Court’s Ruling on Manifest Disregard

However, the written documents of the hedge fund supplemental program expressly conferred the hedge fund management with certain discretionary powers; therefore, the court determined that it was not erroneous for the arbitration panel to conclude that the unwritten rule excluding employees who incurred substantially losses was a permissible exercise of this discretionary authority, rather than an oral modification of the supplemental program.  Because the ERISA provision on oral modifications cited by Finkelstein was inapplicable, the arbitration panel had colorable justification to conclude that it was not violated.

Consequently, the court determined that Finkelstein failed to demonstrate manifest disregard of ERISA on these grounds. The court also found that each of the remaining challenged panel determinations was supported by a colorable justification.  Therefore, the court concluded that the arbitration award could not be vacated for manifest disregard of the ERISA statute.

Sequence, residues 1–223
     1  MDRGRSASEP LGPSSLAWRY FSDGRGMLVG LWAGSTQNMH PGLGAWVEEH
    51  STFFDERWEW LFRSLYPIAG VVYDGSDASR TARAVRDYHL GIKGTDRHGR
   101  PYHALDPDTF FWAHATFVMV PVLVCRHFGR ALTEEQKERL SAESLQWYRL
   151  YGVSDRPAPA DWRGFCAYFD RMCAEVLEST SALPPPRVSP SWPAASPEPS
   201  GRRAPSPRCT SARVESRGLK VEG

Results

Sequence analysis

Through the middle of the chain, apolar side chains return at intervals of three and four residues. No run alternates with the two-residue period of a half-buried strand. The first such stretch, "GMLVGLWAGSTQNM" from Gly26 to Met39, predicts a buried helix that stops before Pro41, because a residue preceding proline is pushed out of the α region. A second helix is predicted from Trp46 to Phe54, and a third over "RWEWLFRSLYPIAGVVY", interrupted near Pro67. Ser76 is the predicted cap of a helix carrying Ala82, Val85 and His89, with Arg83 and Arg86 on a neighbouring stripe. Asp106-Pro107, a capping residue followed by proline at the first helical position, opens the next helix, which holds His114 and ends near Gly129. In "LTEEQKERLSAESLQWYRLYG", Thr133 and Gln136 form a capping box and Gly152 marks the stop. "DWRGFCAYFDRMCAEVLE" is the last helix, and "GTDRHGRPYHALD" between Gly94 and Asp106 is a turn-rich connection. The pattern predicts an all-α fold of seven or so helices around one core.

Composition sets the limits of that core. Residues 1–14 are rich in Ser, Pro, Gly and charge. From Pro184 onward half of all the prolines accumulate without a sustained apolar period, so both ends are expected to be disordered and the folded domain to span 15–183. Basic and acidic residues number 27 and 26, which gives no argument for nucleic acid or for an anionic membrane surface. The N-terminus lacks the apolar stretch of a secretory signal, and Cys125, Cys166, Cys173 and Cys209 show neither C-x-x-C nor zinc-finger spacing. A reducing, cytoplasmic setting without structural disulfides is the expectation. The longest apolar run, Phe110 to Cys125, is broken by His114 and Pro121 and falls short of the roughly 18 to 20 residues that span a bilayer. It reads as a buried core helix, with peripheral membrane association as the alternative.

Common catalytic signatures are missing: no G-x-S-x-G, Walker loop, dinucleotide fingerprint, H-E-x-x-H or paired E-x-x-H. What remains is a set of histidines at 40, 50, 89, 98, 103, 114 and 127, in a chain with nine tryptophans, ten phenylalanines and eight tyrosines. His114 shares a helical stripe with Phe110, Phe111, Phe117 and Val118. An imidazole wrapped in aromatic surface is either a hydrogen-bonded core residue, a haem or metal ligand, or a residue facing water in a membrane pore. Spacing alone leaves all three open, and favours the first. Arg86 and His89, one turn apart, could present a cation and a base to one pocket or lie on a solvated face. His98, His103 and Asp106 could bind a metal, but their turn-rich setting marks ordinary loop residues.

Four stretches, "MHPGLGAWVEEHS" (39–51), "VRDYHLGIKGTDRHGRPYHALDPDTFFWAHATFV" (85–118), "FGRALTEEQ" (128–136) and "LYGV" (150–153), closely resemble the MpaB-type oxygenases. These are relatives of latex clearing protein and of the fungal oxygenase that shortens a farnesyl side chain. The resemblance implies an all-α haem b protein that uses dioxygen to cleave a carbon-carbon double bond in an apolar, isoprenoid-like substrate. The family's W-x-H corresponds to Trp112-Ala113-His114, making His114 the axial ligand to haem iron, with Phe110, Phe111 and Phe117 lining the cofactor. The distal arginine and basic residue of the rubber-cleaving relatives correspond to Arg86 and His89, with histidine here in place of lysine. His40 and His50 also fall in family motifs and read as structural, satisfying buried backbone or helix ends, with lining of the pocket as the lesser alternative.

Court’s Ruling on Fraud

Vacating an arbitration award on the basis of fraud under the FAA, 9 U.S.C. § 10(a)(1), requires the challenging party to produce clear and convincing evidence that there was fraud that could not have been discovered during the arbitration process and that such fraud is materially related to the award. Chimera Capital, L.P. v. Nisselson (In re MarketXT Holdings, Corp.), 428 B.R. 579, 590 (S.D.N.Y. 2010) (citing A.G. Edwards & Sons, Inc. v. McCollough. 967 F.2d 1401, 1404 (9th Cir. 1992) (per curiam).   Finkelstein alleged that UBS concealed material information relevant to the dispute.